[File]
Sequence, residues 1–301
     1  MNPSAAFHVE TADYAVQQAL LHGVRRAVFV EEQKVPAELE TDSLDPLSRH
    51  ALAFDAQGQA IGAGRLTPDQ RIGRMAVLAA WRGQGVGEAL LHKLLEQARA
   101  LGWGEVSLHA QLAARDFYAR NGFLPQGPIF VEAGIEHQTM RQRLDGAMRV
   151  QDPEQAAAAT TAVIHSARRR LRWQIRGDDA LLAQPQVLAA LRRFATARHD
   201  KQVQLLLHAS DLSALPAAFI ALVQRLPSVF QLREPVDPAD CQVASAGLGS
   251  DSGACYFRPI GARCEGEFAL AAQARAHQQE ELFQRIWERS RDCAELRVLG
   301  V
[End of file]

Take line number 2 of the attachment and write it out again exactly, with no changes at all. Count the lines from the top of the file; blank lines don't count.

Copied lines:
     1  MNPSAAFHVE TADYAVQQAL LHGVRRAVFV EEQKVPAELE TDSLDPLSRH